Keywords: Emissions Trading, CO2 reduction, Sustainable industry, standards, pricing, stimulating, facilitating, SMEs, circular economy.


The European Emissions Trading

On 1 January 2005, a system of CO2 emissions trading (the ETS) was launched in the EU, and therefore also in the Netherlands. This trade takes place between companies in the heavy industry and the electricity sector, which emit many of these substances. The trade in CO2 emission rights is part of the climate policy. Through this policy, the government encourages all target groups - households, traffic, energy and industrial sectors, agriculture, trade, services and government - to achieve the domestic Kyoto target. An ETS is a policy instrument that sets a ceiling on emissions. Participants in the ETS must monitor and report their emissions and hand over an emission allowance for every tonne of CO2 when reporting. These emission rights can be traded.

On 17 September 2020, the European Commission published a proposal to increase the European 2030 target for greenhouse gas reductions from at least 40% to at least 55% compared to 1990. The European Council approved on 11 December 2020 agreed to the target of at least 55%.


Green industrial policy

In 2019, it was agreed in the Climate Agreement for industry to achieve a reduction of greenhouse gas emissions of 14.3 Mton per year by 2030. In order to guarantee this goal, the CO2 tax for industry has been introduced.

In the Dutch Coalition Agreement, a national statutory CO2 reduction of 55% has been agreed and a target of 60% compared to 1990. It follows that the CO2 reduction target for industry will be increased by an indicative 5 – 5.9 Mton per year, possibly increased by tailor-made agreements.

Making the industry more sustainable will be deployed on 4 lines. These lines will be explained in more detail below.

  1. Assurance through standards and pricing


  • In the Dutch Coalition Agreement, the CO2 levy, the government has made efforts to safeguard the stricter ambitions for industry and to introduce a CO2 minimum price for industry.
  • By raising the Energy Tax on natural gas, especially for larger consumers, and by lowering the Storage of Renewable Energy and Climate Transition on electricity, this sustainability incentive is realised.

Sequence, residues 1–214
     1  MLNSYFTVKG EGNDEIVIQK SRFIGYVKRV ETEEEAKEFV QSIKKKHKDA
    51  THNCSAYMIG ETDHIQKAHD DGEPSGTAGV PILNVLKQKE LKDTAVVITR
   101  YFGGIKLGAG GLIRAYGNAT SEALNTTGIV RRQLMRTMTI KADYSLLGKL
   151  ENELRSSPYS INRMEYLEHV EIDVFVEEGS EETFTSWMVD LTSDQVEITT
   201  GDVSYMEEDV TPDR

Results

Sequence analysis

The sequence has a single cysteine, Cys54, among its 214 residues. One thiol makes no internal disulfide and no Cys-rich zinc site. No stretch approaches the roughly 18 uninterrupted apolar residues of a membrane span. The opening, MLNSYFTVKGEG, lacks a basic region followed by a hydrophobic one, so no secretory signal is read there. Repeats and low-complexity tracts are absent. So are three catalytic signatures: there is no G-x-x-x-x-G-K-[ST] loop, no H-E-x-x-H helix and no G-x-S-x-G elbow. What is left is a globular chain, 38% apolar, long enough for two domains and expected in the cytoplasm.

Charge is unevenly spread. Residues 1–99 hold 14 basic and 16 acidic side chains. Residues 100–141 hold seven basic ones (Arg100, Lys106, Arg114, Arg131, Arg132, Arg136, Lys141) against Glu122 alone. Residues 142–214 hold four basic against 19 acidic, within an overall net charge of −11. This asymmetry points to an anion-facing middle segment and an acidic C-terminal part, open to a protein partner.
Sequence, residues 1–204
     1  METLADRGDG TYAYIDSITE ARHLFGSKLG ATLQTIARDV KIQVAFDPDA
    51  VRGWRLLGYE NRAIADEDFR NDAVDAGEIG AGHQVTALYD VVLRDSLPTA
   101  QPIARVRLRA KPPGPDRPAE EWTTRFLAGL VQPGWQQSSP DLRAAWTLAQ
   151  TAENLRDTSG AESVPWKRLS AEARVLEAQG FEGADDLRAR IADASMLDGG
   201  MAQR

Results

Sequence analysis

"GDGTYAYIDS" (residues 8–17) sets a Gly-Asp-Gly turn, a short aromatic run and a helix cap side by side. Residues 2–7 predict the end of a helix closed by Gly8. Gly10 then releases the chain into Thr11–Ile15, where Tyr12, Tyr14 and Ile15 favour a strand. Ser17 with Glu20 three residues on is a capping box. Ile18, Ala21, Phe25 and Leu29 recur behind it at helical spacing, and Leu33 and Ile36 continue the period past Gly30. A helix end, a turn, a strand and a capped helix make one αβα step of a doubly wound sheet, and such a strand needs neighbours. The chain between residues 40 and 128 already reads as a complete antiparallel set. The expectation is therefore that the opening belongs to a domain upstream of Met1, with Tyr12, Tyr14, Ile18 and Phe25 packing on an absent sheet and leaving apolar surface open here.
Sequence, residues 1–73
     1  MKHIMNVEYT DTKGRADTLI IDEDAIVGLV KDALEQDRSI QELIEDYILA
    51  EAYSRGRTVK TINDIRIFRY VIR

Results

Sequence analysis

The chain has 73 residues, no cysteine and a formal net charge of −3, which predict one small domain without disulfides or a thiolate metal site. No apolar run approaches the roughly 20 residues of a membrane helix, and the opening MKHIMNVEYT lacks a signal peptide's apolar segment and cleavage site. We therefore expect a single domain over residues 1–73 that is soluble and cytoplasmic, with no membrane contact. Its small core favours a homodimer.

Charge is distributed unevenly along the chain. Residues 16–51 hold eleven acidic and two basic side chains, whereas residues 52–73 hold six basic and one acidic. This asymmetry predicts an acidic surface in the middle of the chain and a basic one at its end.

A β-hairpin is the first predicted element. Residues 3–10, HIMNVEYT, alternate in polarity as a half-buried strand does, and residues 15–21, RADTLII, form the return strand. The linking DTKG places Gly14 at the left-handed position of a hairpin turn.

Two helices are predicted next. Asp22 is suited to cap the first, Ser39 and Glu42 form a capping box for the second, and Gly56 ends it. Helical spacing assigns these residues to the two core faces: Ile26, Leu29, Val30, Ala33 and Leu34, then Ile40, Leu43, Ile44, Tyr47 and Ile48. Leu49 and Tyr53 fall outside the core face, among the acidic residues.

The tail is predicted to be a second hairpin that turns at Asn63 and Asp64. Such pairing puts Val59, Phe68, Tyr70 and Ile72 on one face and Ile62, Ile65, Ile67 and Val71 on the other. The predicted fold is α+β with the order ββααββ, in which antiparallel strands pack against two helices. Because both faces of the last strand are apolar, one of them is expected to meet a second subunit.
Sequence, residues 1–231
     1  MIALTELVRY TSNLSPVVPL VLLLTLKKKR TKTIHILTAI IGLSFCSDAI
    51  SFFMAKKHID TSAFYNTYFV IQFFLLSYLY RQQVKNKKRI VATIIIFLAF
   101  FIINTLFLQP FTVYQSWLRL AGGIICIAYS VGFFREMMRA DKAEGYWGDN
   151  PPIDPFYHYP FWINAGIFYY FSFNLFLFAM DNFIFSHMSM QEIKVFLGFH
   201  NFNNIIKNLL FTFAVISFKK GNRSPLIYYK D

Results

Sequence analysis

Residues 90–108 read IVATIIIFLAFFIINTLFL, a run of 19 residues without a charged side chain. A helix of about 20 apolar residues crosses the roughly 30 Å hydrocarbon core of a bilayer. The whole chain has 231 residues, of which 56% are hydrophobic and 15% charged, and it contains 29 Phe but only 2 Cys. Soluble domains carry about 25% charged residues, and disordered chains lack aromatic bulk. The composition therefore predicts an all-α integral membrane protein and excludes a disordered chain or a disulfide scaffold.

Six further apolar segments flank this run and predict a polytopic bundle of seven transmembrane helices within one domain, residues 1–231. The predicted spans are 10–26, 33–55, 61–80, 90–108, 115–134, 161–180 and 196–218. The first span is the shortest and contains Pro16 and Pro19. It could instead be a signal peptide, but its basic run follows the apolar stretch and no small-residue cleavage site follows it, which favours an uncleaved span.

• The energy saving obligation obliges companies to implement energy savings with a payback period of less than 5 years. The energy saving obligation will be extended in 2023 to companies subject to ETS and permits. This means that, in addition to expanding the target group and the number of measures, the cabinet will adjust the Recognized List of Measures.


  1. Stimulating and facilitating sustainability
  • Companies that want to become more sustainable are not only encouraged to do so by standardization and pricing, but are also supported and facilitated by the government at the same time through various subsidy options such as SDE++, DEI+, VEKI, TSE, EIA/MIA/VAMIL or the NIKI-scheme.
  • Strengthening the direction and accelerated realization of sustainable infrastructure


The Dutch cabinet will direct infrastructure projects of national importance through the Multi-Year Program Infrastructure and Climate (MIEK). In addition, the Sustainable Industry Infrastructure Program (PIDI) is working with industry, network operators, energy producers and other government authorities on options for bringing the desired realization data from industry and the planned commissioning dates for infrastructure closer together.


  1. Customized agreements with large emitters and making SMEs more sustainable


  • Customized agreements with large emitters


In the Dutch Coalition Agreement, the “Top 10-20 largest emitters” is indicated as the target group. Binding agreements will be made with companies about the realization of additional CO2 reduction and about long-term sustainability plans for climate neutral and circular production and large-scale technological breakthrough projects.


  • Encouraging SMEs to become more sustainable.

Making SMEs more sustainable will be stimulated through 2 instruments.

Firstly, the CO2 reduction can be related to more drastic adjustments to production processes that have a payback period of more than 5 years.

Secondly, the optimization of generic subsidy instruments will help SMEs to realize sustainability projects.


  1. Stimulating a circular economy

According to the Dutch Coalition Agreement, an ambitious climate target for the circular economy and an associated implementation program will be achieved. The government's incentive policy offers scope for circular investments that also lead to CO2 reduction. Improvements to the subsidy schemes for large-scale circular projects will be included in the implementation program. The government is also working on a policy package consisting of normative, pricing and incentive measures.


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